A person taking hormone replacement medication to treat an underactive thyroid may also experience an increase in thyroid hormone levels.

Symptoms

Common symptoms of hyperthyroidism can include:

  • fatigue and muscle weakness
  • rapid or irregular heartbeat
  • tremors in the hands
  • problems sleeping
  • nervousness
  • irritability
  • frequent bowel movements
  • unintended weight loss
  • a light menstrual flow or fewer periods

Diagnosis

Doctors will primarily use blood tests to diagnose hyperthyroidism. However, before this, they may look for physical symptoms including a visibly enlarged thyroid, a rapid pulse, and tremors in the fingers.

As with hypothyroidism, blood tests will primarily measure thyroid hormone and TSH levels.

In a person with hyperthyroidism, the amount of thyroid hormone in the blood will be higher than usual, and in turn, the body will release less TSH. A doctor may diagnose the condition if tests reveal both of these results.

Treatment

A doctor may recommend beta-blockers as a short-term treatment for hyperthyroidism. Beta-blockers stop some of the effects of the thyroid hormone and can reduce symptoms such as a rapid pulse and tremors.

According to the American Thyroid Association, a doctor may also suggest a more permanent treatment including:

  • Antithyroid drugs: These drugs can stop the thyroid from making so much thyroid hormone.
  • Radioactive iodine tablets: When a person ingests these tablets, thyroid cells absorb the iodine. This treatment then destroys them, and the gland’s hormone overproduction stops.
  • Surgery: A surgeon may remove a part, or all, of a person’s thyroid.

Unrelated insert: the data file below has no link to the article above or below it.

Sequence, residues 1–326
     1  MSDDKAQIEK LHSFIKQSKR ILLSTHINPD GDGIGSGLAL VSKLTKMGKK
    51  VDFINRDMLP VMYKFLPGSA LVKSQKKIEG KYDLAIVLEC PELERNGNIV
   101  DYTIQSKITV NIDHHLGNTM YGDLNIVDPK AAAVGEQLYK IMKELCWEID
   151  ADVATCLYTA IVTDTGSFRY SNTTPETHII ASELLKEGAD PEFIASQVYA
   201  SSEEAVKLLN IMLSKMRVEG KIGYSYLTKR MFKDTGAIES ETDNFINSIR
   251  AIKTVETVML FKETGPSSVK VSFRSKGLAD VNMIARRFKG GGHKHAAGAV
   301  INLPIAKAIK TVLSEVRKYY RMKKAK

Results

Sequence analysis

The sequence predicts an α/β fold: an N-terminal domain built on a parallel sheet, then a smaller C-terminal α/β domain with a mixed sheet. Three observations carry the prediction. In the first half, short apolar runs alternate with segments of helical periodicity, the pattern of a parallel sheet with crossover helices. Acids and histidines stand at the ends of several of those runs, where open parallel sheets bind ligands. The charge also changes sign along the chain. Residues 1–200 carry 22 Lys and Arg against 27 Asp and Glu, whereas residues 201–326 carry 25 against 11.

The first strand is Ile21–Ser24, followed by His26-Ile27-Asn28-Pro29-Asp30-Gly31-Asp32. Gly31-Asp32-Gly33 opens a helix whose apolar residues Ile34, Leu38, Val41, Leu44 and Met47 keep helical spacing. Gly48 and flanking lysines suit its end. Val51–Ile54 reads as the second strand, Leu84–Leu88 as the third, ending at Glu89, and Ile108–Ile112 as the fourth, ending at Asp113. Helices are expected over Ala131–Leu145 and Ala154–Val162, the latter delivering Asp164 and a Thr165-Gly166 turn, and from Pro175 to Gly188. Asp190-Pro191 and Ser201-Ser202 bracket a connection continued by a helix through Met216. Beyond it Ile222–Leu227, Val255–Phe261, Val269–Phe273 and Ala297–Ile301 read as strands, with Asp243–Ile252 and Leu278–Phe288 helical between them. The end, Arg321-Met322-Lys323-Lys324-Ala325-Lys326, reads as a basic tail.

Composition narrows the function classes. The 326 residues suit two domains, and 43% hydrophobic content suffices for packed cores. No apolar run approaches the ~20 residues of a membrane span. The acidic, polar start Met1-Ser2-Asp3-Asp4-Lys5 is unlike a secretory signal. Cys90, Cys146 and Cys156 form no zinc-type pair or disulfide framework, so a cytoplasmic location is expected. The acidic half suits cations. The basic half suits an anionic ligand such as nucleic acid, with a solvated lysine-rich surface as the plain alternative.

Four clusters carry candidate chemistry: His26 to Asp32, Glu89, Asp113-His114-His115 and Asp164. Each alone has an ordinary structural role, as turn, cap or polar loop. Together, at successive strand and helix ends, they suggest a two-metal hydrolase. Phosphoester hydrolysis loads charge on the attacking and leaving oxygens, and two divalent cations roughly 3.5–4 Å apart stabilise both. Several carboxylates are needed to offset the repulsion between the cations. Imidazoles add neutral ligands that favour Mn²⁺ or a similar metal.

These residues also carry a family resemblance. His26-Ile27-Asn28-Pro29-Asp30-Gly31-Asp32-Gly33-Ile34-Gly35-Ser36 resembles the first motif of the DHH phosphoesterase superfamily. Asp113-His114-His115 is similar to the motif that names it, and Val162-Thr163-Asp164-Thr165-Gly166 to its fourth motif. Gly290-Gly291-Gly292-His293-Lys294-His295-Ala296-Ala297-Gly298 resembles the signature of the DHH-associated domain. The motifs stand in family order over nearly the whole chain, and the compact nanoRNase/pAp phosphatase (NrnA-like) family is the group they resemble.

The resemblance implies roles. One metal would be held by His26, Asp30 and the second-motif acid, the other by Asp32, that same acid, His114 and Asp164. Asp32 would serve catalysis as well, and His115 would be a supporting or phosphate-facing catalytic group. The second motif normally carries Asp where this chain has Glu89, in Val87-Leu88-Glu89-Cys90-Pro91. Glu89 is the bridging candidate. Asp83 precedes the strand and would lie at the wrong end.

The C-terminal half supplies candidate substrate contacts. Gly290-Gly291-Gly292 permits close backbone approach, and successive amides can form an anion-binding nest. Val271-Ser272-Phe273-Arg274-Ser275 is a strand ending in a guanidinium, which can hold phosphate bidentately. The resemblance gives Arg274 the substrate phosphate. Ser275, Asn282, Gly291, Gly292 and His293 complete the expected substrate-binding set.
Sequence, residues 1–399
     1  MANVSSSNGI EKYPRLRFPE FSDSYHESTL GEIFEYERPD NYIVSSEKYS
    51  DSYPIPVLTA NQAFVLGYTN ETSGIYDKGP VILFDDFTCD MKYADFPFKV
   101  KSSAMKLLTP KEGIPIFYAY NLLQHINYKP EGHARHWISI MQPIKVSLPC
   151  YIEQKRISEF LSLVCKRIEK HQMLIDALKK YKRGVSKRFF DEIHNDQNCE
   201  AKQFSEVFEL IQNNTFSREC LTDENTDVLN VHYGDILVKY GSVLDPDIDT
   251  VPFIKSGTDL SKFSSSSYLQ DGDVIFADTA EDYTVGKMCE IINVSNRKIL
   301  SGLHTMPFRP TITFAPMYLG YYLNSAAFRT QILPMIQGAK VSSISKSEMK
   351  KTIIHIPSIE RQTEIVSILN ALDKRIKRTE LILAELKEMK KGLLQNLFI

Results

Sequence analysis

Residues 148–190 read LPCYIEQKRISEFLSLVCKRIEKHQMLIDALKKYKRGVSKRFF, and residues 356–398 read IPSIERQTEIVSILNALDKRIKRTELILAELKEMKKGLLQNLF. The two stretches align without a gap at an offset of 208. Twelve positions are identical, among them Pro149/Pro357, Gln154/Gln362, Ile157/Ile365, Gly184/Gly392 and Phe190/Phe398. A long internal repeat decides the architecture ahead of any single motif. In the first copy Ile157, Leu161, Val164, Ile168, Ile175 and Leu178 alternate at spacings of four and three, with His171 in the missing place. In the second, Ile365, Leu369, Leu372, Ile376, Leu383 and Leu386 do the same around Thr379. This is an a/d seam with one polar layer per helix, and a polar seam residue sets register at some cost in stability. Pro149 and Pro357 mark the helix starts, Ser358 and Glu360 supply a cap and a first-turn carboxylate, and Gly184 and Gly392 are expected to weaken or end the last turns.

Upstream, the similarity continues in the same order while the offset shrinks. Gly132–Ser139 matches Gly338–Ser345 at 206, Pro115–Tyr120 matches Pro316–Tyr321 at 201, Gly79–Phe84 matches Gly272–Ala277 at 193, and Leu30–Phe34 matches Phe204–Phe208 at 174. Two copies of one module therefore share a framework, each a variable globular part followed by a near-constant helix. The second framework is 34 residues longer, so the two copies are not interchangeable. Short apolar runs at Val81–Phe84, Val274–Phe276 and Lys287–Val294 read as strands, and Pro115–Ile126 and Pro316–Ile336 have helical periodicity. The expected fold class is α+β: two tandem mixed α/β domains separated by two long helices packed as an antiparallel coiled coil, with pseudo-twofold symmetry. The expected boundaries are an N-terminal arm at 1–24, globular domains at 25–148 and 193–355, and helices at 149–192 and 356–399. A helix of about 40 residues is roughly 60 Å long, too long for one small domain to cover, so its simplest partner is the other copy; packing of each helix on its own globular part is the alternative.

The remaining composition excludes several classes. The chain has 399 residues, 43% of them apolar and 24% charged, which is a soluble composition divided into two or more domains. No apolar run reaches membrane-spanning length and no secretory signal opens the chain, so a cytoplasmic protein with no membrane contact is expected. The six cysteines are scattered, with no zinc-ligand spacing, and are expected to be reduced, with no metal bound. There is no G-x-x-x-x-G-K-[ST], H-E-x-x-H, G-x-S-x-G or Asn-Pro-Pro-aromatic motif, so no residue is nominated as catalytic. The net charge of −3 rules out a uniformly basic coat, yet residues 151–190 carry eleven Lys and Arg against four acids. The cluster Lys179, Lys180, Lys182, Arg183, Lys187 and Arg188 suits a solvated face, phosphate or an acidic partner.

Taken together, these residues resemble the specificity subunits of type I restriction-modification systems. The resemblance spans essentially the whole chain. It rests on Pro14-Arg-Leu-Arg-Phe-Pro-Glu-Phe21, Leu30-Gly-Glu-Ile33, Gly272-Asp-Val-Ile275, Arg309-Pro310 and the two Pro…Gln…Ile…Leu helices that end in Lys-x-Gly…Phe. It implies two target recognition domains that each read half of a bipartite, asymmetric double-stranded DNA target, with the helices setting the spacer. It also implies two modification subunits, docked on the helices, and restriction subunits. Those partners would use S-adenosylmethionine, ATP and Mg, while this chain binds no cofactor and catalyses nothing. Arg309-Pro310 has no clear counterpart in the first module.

If a person takes radioactive iodine or undergoes surgery, their thyroid may no longer produce enough hormones, and they may develop hypothyroidism. In this instance, they would then require thyroid hormone replacement treatment.

Thyroid nodules are lumps on a person’s thyroid and can appear alone or in groups.

Thyroid nodules are common. Around 50% of people over 60 years of age have a thyroid nodule, according to estimates. However, the vast majority of thyroid nodules are harmless.

It is not clear why people develop thyroid nodules. Thyroid nodules do not typically cause symptoms, although in some cases, they may cause hyperthyroidism by becoming overactive.

A doctor will be able to feel thyroid nodules on a person’s neck during an examination. If they discover nodules, they may check for hyperthyroidism or hypothyroidism.

A 2015 report states that thyroid cancer is present in 7-15% of thyroid nodule cases. During diagnosis, doctors may perform an ultrasound or a fine-needle biopsy to check for cancer.

If there are any signs of cancer or possible cancer risk in the future, a doctor will recommend removing the nodules. Depending on the type of cells found in a biopsy, and the risk of the nodule being cancer, a doctor may remove part or all of the gland.

The thyroid gland is responsible for producing hormones that regulate the body’s metabolism.

There are many different thyroid disorders, but doctors typically categorize them into those that make the thyroid produce too much or too little of these hormones.

Hyperthyroidism occurs when the thyroid gland produces too much thyroid hormone. This speeds up a person’s metabolism and can result in an increased heart rate, high blood pressure, and fatigue.

Conversely, hypothyroidism is when the thyroid gland produces too little hormone. This lowers the body’s metabolism and can lead to tiredness, feelings of cold, and constipation.

Thyroid nodules can appear on the thyroid gland alone or in groups, and are common in older adults. These nodules can cause hyperthyroidism and may include cancerous cells.

If a person is concerned that they may have a thyroid disorder, they should speak to a doctor about testing.